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Brownsville herald. [volume] (Brownsville, Tex.) 1910-current, July 15, 1912, Image 2

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BROWNSVILLE DAILY HERALD
Brownsville Herald Publishing Co.
Mrs. Jessie O. Wheeler.Editor
Martin J. Slattery.Manager
Official Organ of Cameron County
Consolidated in 1893 with the Daily
Cosmopolitan, which was pub
lished in Brownsville for 16 years, i
‘—
Terms of Subscription
Dally—Published every morning
except Sunday, by mail postpaid to |
any point in the United States, Mex-!
lco or Cuba or delivered by carrier ,
to any part of the city, West |
Brownsville, Texas, or Matamoros,
Mexico, one year $6.00; six months
$3.00; one month 50 cents.
Entered at the PostoITice at Browns
ville Texas, as Second Class Mail
Matter.
e?"-"!”. ..
MONDAY, JULY 15, 1912
The Herald Is authorized to an
nounce C. G. HALLMARK as a can
didate for the office of County School
Superintendent, subject to the ac
tion of the Democratic primaries,
July 27, 1912.
Give the Soutli Texas Gardeners
the glad hand. Let us make them feel
at home.
Wilson is the democrattc nominee
for president am! Brownsville demo
crats are bound to be loyal to the
nominee.
BETTER RAILROAD ACCOMMODA
TIONS.
As noted elsewhere in The Herald,
the Frisco, through Its general pas
senger agent in Texas, (’. W. Strain
Houston, has made a promise to pro
vide a parlor car service on the main
line trains running between Hous
ton and Brownsville, provided it does
not cost the company more than the
business would justify.
It is to be hoped sincerely that the
company may find it possible to es
tablish the proposed service. The
Brownsville road has increased so
rapidly in importance during the
past Yew years that it would appear
as if the company would bo justi
fied in giving its patrons accommo
dations th it equal to the best on any
of the lines in the state.
SLIPPING OPPORTUNITIES.
Brownsville has by tactless blunders
and lack of diplomacy in tin* past,
lost a military post; by slumbering
on her opportunities, lias let a na
tional cemetery and the prospect of
of a national park slip away, and
now has scarcely awakened enough
to realize that another great asset,
the Brownsville Garden is drifting
away into the sargossa of lost oppor
tunity.
It is well to dream great dreams of
future deep water and other ideal
things, but is it well while dreaming,
to lose the material advantages of
the present?
The Fort Brown abandoned mili
tary reservation contains 355 acres.
Recently about forty acres has been
subdivided for sale as city lots.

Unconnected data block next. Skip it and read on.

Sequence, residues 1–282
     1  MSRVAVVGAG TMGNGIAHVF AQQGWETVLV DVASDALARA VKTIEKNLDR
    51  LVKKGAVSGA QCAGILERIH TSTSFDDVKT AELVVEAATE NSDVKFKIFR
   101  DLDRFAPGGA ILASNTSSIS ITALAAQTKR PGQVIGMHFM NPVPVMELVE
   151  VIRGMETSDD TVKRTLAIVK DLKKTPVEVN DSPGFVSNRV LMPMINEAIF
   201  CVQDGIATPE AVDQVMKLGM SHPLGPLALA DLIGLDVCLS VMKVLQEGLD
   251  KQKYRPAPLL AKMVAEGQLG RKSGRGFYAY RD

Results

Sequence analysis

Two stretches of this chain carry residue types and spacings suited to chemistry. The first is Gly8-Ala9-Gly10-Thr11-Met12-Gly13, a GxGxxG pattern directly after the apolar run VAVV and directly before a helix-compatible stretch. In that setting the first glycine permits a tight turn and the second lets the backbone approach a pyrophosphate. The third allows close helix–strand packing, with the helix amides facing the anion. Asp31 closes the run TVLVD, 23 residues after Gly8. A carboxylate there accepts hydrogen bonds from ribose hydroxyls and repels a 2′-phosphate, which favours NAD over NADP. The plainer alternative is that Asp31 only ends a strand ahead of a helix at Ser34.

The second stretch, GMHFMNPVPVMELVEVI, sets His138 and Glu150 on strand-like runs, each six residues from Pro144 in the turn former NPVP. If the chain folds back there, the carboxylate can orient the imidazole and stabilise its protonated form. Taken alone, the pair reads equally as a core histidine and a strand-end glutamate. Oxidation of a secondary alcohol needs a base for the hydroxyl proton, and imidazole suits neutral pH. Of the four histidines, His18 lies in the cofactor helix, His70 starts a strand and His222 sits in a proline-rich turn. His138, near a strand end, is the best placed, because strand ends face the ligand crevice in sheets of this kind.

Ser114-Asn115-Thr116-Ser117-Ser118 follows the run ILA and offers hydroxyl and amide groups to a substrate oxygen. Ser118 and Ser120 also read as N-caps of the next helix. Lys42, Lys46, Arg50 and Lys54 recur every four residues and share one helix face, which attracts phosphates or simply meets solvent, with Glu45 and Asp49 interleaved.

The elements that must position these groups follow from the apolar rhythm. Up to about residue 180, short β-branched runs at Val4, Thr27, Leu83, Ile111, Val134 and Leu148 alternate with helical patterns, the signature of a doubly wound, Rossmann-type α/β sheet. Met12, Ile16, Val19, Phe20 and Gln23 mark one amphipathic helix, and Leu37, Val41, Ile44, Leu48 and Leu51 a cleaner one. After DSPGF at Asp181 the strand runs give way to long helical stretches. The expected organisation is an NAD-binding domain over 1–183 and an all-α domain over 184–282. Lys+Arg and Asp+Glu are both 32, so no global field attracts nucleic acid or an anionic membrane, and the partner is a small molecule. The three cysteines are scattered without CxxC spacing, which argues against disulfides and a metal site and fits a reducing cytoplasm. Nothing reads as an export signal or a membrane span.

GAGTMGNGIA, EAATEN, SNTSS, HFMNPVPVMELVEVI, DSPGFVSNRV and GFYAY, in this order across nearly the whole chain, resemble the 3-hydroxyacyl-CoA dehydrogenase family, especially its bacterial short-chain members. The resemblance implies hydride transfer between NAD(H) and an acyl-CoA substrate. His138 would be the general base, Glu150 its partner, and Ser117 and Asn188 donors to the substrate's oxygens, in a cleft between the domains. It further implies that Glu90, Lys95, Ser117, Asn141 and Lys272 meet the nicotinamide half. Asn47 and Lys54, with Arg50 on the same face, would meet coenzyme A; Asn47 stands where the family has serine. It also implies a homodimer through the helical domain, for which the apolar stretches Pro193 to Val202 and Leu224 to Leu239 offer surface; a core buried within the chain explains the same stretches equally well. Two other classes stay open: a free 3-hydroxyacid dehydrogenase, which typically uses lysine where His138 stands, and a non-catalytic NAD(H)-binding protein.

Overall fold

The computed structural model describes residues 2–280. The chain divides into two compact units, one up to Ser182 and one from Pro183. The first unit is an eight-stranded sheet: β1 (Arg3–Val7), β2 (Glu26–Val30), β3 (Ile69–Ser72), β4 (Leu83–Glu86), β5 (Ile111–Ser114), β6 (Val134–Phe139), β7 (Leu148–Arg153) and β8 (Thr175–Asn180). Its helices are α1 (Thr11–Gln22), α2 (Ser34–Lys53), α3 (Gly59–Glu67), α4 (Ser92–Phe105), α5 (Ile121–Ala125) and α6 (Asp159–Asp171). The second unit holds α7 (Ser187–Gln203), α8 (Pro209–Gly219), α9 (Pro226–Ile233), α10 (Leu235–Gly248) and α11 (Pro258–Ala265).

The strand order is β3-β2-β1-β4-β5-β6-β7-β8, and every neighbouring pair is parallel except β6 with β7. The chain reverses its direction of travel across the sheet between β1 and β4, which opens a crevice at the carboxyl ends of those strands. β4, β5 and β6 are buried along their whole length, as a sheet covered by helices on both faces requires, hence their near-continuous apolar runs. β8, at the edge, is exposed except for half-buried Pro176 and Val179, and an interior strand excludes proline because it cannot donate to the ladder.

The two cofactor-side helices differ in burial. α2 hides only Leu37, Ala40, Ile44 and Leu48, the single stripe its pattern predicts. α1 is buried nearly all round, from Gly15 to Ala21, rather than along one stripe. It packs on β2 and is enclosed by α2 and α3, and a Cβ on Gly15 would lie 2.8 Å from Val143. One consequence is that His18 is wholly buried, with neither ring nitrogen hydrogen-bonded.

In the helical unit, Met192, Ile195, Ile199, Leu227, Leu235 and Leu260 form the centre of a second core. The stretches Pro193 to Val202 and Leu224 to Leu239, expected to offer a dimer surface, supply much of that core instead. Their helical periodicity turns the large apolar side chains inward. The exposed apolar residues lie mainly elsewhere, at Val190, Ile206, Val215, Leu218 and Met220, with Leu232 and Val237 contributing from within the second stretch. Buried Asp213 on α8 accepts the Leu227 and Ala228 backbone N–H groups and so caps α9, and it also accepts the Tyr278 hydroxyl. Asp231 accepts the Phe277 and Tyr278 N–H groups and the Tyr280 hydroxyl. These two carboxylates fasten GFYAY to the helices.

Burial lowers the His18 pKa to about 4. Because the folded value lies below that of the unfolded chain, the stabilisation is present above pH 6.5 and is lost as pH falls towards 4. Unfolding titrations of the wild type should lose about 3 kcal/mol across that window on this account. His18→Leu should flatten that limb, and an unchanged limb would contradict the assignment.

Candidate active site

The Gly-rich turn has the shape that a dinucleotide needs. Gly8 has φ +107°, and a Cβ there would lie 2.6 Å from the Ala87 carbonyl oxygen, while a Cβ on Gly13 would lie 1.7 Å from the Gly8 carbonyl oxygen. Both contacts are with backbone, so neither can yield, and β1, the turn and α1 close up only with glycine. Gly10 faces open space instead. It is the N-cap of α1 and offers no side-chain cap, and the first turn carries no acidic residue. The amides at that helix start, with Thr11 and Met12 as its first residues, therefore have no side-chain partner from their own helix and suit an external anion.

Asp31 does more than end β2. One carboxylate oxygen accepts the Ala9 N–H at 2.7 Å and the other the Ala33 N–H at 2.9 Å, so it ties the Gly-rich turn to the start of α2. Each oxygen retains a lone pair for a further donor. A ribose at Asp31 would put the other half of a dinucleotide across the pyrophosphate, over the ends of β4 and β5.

The property is desirable for build- ;
ing purposes, more so than that
west of town. What effect will the
sale of forty acres have on develop
ment of less desirable property? Will
it not retard the ad value of such
property values for a couple of years?
If after that time three hundred
acres more *.? thrown on the mar
ket. what will l>e the effect on that
same property?
Why is it not good business, as
well as high civic virtue, for all good
men having property to soil to come!
to the rescue of the South Texas Gar- 1
den and make it a Federal-State in- j
stitution for ever?
■■■■ 1 1 -w
TOO MUCH RED TAPE.
The government of the United J
States is supposed to be a govern- ,
y ment of the people, for the people,
and by the people.
The United States Agricultural De
partment. being a branch of the said i
government should also be controlled
by the same set of ethics.
The following is an extract from an
order issued by Secretary Wilson,
based upon an act approved June
26th, 1912.
July 1, 1912.
GENERAL ORDER NO 15.5.
Sec. 8. No money appropriated by '
this or any Act shall be expended for
membership fees or dues of any oftl- j
cor or employe*' of the United States
of the District of Columbia in any
society or association or for expenses
of attendance of any person at any
meetiug or convention of members of
any society or association, unless such
fees, dues, or expenses are authoriz
ed to be paid by specific appropria
tions for such purposes or arc pro
vided for in express terms in some
general appropriation."
Hereafter, in conformity with the
foregoing provision, no officer or em
ployee of the Department of Agricul
ture attending any convention or i
meeting of an association of any kind !
will be reimbursed for any expens
es incurred in connection therewith.
In case officers or employees desire
to attend at their own expense so
ciety or association conventions or
meetings which have for their ob
ject the advancement of sciences or
objects otherwise related to the work
of the Department, permission must
be secured in advance from the Sec
retary upon the recommendation <>
the Chief of the Bureau involved.
When such permission is granted by ,
the Secretary the time consumed by I
officers or employees in proceeding to